• Our recommendation for canning soup does NOT allow you to include noodles or other pasta, rice, flour, cream, milk or other thickening or dairy ingredients.
  • The procedure for canning soup says “Each vegetable should be selected, washed, prepared and cooked as you would for canning a ‘hot pack’ according to USDA directions”, which means that there must be a canning recommendation for each added ingredient. As examples, for this reason we cannot recommend adding cabbage nor cured meats like cured ham to canned soup.
  • It is also very important when canning soup that you “Fill jars halfway with solid mixture.” The reason behind filling the jar 1/2 with solids and 1/2 with liquid is to ensure the safety of the product. Our recommendation for canning soup may have a substantial amount of variability based on which vegetables and/or meats are selected and in what proportions. The 1:1 liquid to solid ratio ensures that a certain rate of heating occurs so Soup filled jars half and halfthat the dangerous bacterial spores of botulinum will be destroyed no matter which ingredients (that are noted in the recommendation as acceptable) you select and prepare as directed. Heat transfers more easily and quickly through liquid than through solids and dense mixtures, so a new canning process time would have to be determined through product testing if you were to increase the solid to liquid ratio.

If you choose to follow canning recommendations from another source, then you are choosing to trust their product testing of their recipe, procedure, and process time — they are responsible for their own product testing and you could certainly contact them if you have questions about their recommendations.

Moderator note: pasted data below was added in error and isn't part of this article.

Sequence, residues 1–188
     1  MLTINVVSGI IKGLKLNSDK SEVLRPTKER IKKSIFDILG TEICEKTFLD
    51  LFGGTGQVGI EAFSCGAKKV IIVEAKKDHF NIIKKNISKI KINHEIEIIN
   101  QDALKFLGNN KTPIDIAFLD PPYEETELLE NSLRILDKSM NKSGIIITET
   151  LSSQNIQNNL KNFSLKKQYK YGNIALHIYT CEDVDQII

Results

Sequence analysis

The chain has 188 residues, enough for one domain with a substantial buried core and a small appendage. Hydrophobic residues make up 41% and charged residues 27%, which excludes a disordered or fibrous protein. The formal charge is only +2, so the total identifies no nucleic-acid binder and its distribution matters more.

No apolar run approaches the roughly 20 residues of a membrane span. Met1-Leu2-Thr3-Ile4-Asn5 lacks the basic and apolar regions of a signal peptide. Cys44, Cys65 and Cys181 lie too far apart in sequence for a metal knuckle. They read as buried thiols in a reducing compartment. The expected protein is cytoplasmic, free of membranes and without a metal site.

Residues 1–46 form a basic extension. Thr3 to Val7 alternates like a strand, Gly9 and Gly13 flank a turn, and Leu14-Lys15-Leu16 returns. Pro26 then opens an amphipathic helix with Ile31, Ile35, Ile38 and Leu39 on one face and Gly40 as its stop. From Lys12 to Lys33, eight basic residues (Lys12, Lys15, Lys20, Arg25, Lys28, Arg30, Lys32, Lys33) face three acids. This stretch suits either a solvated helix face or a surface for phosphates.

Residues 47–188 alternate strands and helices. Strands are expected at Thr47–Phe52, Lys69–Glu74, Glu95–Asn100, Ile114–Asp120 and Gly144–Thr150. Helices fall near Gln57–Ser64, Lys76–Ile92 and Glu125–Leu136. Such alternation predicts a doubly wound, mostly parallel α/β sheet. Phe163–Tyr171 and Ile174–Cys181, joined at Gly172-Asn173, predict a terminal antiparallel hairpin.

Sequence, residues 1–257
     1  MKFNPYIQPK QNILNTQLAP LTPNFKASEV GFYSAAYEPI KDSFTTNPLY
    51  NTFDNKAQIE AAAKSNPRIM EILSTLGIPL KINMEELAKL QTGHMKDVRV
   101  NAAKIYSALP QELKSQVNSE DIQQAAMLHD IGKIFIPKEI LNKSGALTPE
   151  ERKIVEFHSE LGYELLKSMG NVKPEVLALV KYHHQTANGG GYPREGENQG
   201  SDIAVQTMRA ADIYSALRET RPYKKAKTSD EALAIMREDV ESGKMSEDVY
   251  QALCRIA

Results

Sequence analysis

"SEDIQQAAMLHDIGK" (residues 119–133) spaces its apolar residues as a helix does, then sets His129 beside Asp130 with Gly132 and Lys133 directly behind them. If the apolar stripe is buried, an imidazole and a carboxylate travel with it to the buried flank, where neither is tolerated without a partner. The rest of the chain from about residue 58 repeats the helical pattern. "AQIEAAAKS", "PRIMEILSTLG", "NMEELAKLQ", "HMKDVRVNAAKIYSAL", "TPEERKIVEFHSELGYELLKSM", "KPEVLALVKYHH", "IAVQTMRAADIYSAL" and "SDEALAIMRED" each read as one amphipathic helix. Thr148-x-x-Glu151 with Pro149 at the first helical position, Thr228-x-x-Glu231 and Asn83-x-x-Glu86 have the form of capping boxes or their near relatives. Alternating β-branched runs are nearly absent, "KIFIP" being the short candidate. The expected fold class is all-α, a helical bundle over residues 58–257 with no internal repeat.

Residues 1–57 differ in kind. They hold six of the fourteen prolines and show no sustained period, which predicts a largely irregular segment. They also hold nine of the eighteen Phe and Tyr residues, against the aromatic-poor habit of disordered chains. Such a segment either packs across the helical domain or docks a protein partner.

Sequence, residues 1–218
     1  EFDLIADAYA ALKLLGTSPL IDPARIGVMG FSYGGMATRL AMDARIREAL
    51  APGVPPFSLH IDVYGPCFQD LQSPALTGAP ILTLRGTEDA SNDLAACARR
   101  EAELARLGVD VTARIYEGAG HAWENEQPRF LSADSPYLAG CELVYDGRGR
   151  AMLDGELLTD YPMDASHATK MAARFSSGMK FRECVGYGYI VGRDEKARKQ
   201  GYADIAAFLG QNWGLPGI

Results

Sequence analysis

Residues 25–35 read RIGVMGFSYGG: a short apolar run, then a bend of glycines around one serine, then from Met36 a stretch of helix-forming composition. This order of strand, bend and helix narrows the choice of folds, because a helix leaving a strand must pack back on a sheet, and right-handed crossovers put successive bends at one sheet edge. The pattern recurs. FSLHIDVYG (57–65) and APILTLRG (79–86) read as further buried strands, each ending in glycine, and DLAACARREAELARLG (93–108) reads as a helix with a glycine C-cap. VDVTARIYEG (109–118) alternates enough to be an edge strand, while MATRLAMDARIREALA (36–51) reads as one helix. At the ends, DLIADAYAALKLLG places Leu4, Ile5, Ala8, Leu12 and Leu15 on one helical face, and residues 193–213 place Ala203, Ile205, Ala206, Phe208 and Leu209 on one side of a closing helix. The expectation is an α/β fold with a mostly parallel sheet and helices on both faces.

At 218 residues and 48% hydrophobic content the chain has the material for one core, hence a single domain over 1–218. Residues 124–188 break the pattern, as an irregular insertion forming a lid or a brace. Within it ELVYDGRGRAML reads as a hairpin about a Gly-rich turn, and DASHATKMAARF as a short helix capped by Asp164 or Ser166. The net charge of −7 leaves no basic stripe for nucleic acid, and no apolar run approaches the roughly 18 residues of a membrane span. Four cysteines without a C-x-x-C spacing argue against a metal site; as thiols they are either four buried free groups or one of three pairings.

Our canning VegSoup1recommendations are meant to be followed exactly as written, and we unfortunately cannot provide individual testing of homemade recipes. If you are still wondering if you can can your favorite homemade soup recipe at home, please read our Burning Issue: Canning Homemade Soups.  Remember too that once you can soup as recommended, you can add your choice of ingredients AFTER you open the jars and re-heat the soup for serving!

Plain or pickled, they make great treats. What are they? Yes, they’re Beets!

Packed with vitamins, minerals, and fiber, beets are a healthy and delightfully colorful wintertime veggie. (Did you know that Betanin, often used in industrial food production as red food coloring, is from beet root?) Beets are easily roasted, baked, or steamed into a fresh side dish, and there are even more options for preserving them.

Here are a few ways we recommend to preserve those bright and beautiful beets:

If you’re not up for canning, then you can simply freeze beets. Select tender, young beets (ideally 1 to 2 inches diameter) and wash them then sort them according to size. Trim their leafy tops, leaving ½ inch of stems and tap root to prevent the color from bleeding out during cooking. Boil the beets until tender, about 25 to 30 minutes for small beets and 45 to 50 minutes for medium beets. Cool the cooked beets immediately in cold water then peel, remove stem and tap root, and cut into slices or cubes. Leave 1/2-inch headspace in the freezer containers as you pack them, then place in a freezer.cut beets